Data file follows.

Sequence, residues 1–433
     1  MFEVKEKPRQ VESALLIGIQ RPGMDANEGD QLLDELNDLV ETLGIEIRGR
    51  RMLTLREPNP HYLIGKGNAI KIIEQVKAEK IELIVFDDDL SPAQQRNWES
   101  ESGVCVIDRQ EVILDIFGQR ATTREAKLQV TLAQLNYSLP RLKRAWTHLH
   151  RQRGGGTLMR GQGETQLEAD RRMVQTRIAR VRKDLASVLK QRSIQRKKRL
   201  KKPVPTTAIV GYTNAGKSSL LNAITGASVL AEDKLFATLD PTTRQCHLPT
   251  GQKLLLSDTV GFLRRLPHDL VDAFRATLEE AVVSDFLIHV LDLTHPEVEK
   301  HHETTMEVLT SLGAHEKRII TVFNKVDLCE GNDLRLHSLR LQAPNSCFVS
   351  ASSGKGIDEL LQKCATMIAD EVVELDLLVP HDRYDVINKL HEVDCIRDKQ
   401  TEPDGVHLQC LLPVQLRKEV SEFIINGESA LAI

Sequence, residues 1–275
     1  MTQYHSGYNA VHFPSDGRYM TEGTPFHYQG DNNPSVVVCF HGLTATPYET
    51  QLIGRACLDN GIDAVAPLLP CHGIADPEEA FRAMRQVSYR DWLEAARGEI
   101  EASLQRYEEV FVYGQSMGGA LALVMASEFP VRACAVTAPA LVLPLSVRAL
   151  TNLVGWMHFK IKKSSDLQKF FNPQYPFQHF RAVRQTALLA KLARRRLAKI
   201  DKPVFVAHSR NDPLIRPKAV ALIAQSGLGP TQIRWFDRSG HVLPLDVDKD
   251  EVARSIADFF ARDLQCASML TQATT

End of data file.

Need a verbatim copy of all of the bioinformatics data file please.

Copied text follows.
Sequence, residues 1–433
     1  MFEVKEKPRQ VESALLIGIQ RPGMDANEGD QLLDELNDLV ETLGIEIRGR
    51  RMLTLREPNP HYLIGKGNAI KIIEQVKAEK IELIVFDDDL SPAQQRNWES
   101  ESGVCVIDRQ EVILDIFGQR ATTREAKLQV TLAQLNYSLP RLKRAWTHLH
   151  RQRGGGTLMR GQGETQLEAD RRMVQTRIAR VRKDLASVLK QRSIQRKKRL
   201  KKPVPTTAIV GYTNAGKSSL LNAITGASVL AEDKLFATLD PTTRQCHLPT
   251  GQKLLLSDTV GFLRRLPHDL VDAFRATLEE AVVSDFLIHV LDLTHPEVEK
   301  HHETTMEVLT SLGAHEKRII TVFNKVDLCE GNDLRLHSLR LQAPNSCFVS
   351  ASSGKGIDEL LQKCATMIAD EVVELDLLVP HDRYDVINKL HEVDCIRDKQ
   401  TEPDGVHLQC LLPVQLRKEV SEFIINGESA LAI

Sequence, residues 1–275
     1  MTQYHSGYNA VHFPSDGRYM TEGTPFHYQG DNNPSVVVCF HGLTATPYET
    51  QLIGRACLDN GIDAVAPLLP CHGIADPEEA FRAMRQVSYR DWLEAARGEI
   101  EASLQRYEEV FVYGQSMGGA LALVMASEFP VRACAVTAPA LVLPLSVRAL
   151  TNLVGWMHFK IKKSSDLQKF FNPQYPFQHF RAVRQTALLA KLARRRLAKI
   201  DKPVFVAHSR NDPLIRPKAV ALIAQSGLGP TQIRWFDRSG HVLPLDVDKD
   251  EVARSIADFF ARDLQCASML TQATT